Number of page: 452
Publisher: Cambridge University Press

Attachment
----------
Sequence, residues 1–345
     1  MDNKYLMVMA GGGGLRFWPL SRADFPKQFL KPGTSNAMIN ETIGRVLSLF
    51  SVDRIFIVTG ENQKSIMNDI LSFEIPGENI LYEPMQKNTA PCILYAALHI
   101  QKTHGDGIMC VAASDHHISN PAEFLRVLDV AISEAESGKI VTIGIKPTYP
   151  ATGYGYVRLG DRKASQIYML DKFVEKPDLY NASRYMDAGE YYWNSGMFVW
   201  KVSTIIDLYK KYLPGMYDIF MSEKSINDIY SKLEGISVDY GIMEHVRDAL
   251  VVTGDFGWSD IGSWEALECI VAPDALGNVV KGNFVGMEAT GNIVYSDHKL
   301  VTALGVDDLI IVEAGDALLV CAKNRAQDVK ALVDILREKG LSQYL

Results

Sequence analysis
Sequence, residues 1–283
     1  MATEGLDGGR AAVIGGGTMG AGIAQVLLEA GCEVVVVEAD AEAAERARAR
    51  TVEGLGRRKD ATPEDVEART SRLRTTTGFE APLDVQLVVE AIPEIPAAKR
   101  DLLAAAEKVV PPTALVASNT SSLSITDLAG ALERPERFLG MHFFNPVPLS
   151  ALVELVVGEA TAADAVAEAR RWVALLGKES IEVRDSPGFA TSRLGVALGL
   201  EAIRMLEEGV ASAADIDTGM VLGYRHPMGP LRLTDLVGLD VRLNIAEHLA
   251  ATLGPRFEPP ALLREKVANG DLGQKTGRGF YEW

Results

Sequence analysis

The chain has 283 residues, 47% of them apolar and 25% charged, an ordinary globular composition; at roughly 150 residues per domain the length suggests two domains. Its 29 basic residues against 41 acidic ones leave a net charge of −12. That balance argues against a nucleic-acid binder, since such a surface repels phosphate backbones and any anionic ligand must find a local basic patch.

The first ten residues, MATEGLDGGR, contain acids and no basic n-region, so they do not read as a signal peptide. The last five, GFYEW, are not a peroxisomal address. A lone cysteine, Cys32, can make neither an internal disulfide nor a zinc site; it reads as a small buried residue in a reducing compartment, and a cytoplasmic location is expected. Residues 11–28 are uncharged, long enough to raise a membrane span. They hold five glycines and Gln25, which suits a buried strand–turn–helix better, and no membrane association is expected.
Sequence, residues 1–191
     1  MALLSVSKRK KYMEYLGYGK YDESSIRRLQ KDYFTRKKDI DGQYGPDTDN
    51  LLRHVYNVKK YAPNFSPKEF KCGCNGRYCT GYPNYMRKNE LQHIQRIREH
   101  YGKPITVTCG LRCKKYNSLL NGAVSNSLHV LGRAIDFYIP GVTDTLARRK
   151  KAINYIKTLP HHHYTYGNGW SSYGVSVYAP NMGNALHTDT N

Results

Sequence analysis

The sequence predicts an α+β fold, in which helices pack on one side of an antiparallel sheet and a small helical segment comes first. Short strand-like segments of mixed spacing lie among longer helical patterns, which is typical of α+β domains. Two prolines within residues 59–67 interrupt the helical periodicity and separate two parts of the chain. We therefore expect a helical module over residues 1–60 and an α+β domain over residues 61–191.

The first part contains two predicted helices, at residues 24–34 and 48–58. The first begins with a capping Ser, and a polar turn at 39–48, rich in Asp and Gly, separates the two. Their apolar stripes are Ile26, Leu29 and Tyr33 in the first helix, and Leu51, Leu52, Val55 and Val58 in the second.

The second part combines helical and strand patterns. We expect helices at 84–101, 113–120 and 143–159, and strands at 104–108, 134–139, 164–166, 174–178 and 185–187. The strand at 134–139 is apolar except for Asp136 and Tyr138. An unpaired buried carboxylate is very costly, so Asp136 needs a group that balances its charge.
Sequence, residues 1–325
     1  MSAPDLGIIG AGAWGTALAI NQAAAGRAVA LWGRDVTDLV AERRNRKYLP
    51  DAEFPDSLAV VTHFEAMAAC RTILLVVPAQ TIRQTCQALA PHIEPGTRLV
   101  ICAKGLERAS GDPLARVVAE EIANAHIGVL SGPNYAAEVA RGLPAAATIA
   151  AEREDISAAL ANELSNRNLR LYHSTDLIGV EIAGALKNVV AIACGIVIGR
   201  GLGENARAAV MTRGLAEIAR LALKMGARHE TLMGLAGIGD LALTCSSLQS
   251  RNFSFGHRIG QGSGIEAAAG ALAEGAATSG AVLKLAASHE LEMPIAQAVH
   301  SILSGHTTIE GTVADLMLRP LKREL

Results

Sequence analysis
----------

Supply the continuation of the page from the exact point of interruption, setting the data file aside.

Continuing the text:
In modern international law, permanent sovereignty over natural resources has come to entail duties as well as rights. This study analyses the evolution of permanent sovereignty from a political claim to a principle of international law, and examines its significance for a number of controversial issues such as people’s rights, nationalization and environmental conservation. Although political discussion has long focused on the rights arising from permanent sovereignty, Dr Schrijver argues that this has been at the expense of the consideration of the corollary obligations it also entails. His book thus identifies directions sovereignty over natural resources has taken in an increasingly interdependent world and demonstrates its relevance to debate on foreign-investment regulation, the environment and sustainable development.